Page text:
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Published June 20th 2019
Who Killed the Art Critic
Crossing the Lines is an intriguing crime novel written by Sulari Gentill, which is also a winner of the Ned Kelly Award for Best Crime Fiction. The Ned Kelly Awards are Australia's leading literary awards for crime writing in both the crime fiction and true crime genres. They were established in 1996 by the Crime Writers Association of Australia to reward excellence in the field of crime writing within Australia.
Photo courtesy Goodreads
Gentill has created a story of Madeline D'Leon, a corporate lawyer and part time crime fiction writer, who embarks on writing a new novel. It is a slight departure from this character's normal style as she explores crime fiction. In doing so, she creates her lead character, Edward McGinnity, the suave, intelligent, attractive author (clichéd, I know), who finds himself in the middle of a murder mystery.
The murder surrounds the unexplained death of slightly unlikable, arrogant, self-centric art critic Geoffrey Vogel who is found dead in a stairwell at the opening of an art exhibition by Edward's closest friend and talented artist, Willow.
The story is written through the voices of both authors, Madeline and Edward, as they create their own fictional works. The problem is that Edward is a figment of Madeline's literary creation. Or is he? Madeline discovers through Edward that "the demons of our own creations are always more dangerous that the ones who walk through our doors."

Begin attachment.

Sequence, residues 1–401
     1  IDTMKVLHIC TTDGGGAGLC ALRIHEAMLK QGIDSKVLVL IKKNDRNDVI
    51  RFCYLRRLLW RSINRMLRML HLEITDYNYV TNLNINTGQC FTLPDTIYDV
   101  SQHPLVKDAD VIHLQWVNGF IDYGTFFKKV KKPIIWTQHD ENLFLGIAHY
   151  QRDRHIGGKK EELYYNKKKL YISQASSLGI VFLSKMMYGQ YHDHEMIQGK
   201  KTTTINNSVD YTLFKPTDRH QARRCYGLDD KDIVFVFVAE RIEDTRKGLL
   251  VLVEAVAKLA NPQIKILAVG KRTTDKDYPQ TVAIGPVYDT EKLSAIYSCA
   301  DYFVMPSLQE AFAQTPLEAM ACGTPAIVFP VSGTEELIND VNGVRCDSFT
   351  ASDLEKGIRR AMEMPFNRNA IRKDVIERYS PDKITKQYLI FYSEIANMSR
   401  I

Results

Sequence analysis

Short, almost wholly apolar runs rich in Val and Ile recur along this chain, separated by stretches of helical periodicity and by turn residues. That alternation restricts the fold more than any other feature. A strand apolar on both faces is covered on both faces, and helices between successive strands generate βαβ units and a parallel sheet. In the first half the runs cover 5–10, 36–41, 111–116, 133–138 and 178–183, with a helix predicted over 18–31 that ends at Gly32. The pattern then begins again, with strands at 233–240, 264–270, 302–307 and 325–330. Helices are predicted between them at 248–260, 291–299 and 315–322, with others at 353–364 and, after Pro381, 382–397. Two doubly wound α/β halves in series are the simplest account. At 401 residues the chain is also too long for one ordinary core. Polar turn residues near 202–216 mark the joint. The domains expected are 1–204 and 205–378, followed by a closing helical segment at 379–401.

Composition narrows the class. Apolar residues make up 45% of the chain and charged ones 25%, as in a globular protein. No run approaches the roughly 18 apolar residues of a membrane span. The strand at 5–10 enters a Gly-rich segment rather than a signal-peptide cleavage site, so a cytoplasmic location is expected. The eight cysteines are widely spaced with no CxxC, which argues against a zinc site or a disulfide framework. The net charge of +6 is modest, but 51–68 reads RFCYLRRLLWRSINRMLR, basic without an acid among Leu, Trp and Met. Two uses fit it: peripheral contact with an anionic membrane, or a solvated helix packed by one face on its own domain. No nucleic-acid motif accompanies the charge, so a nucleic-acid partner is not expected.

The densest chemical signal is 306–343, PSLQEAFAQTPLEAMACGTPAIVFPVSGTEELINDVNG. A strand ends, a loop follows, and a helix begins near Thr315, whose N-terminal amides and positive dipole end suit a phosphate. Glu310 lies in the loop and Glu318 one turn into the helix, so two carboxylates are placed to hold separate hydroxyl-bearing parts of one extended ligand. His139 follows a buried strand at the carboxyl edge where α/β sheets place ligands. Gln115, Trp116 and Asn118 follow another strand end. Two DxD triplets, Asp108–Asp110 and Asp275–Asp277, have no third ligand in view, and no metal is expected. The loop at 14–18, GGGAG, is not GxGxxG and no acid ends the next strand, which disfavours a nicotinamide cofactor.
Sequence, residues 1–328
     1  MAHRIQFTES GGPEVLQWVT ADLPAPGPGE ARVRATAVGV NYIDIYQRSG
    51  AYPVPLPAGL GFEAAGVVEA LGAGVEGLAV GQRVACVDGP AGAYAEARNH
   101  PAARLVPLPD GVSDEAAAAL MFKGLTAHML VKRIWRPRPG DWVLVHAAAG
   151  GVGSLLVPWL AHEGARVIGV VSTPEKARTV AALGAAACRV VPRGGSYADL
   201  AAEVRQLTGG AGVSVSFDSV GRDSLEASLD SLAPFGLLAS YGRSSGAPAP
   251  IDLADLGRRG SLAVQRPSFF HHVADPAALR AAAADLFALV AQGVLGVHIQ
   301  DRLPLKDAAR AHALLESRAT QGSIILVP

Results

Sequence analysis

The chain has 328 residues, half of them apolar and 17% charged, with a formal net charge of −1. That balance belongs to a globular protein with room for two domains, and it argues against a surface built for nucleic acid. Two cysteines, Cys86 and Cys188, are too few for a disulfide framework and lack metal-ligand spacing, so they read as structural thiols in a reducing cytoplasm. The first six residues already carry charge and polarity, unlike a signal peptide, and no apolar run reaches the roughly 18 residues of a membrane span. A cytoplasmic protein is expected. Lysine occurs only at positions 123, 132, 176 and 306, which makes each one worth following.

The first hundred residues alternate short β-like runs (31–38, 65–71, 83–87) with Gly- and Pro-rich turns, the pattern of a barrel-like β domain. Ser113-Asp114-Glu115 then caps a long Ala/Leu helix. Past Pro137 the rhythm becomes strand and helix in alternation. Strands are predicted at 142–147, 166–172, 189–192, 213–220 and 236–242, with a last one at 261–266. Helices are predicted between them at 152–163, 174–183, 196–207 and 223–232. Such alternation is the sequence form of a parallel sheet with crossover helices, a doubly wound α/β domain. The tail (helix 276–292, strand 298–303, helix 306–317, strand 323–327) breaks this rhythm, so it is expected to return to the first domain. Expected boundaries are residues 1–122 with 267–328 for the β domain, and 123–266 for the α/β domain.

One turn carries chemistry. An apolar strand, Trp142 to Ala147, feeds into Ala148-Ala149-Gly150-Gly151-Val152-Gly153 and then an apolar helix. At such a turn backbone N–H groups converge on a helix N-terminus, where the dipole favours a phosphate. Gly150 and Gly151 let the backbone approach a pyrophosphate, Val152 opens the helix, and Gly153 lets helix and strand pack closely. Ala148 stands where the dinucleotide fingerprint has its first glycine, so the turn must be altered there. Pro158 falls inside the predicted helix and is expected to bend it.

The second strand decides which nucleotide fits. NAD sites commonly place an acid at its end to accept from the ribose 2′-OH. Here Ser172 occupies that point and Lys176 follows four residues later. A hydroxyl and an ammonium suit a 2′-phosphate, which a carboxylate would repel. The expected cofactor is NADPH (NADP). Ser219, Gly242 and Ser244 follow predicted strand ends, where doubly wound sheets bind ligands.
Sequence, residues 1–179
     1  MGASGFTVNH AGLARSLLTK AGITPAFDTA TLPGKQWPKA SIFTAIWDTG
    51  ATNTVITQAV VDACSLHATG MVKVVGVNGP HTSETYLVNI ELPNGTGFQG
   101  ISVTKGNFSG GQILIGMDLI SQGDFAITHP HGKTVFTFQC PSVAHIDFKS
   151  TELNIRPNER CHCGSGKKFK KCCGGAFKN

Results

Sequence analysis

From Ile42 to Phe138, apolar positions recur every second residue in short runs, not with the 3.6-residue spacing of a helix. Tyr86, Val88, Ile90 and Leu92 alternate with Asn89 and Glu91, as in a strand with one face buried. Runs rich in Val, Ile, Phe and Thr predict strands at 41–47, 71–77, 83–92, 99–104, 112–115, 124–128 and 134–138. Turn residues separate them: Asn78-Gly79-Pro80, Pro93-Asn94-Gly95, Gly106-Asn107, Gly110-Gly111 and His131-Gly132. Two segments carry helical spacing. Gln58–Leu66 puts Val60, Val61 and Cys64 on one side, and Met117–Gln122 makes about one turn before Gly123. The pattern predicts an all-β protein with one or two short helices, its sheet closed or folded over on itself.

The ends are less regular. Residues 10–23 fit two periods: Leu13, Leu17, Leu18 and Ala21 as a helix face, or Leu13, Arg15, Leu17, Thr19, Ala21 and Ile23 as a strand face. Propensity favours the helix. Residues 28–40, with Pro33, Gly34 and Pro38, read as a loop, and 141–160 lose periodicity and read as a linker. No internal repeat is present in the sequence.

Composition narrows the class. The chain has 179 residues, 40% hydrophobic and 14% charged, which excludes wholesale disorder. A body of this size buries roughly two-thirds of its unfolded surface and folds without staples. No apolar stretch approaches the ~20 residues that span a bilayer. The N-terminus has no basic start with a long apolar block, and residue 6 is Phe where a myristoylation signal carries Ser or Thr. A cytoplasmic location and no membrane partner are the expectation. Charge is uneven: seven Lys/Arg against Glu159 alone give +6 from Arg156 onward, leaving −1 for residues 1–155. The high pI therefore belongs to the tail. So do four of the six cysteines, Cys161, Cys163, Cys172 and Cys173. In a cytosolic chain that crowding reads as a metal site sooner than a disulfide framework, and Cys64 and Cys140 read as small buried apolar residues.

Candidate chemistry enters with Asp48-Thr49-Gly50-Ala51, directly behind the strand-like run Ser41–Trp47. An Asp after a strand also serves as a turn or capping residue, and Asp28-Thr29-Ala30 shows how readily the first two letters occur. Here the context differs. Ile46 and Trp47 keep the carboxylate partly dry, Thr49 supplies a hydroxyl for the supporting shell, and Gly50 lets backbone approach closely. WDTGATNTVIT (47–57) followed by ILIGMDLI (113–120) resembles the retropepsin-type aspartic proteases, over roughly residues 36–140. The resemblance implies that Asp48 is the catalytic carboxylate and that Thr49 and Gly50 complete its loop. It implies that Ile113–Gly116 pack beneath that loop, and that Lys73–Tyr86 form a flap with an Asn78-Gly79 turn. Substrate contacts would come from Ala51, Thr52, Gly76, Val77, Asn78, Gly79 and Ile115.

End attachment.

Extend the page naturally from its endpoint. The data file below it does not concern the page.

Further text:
She finds herself deeply drawn to Edward to the point that she begins to spend almost every waking hour "with him" on her laptop to see the story unfold. For Madeline, she and Edward have formed a close and intimate bond as she deals with the ever increasing distance between herself and her doctor husband, Hugh Lamond, and as she grieves the latest in the serious of miscarriages. She distances herself from friends, becoming more and more involved in writing the book.
Crossing the Lines is sort of a "Sliding Doors" of crime fiction with two stories running in parallel. Like any good crime fiction book, it is trapped by lies, intrigue, a touch of suspense, a list of unanswered questions, suspects, protagonists and extras.
The murder mystery follows a somewhat predictable path and conclusion but this is a largely character-driven novel. I found myself sympathising with Madeline during her loneliness, cheering for her during literary triumphs, and hopeful for her to find a pathway through her pain and mental anguish.
The book was not too taxing and more absorbing as Edward and Madeline's story together unfolded.This 257 page turner released by Pantera Press and published in 2017 ended rather abruptly with the twist emerging in the final moments. Despite this somewhat sudden halt, it was an enjoyable read which helps us to better understand the inner dialogue of a writer and tells a murderous tale at the same time.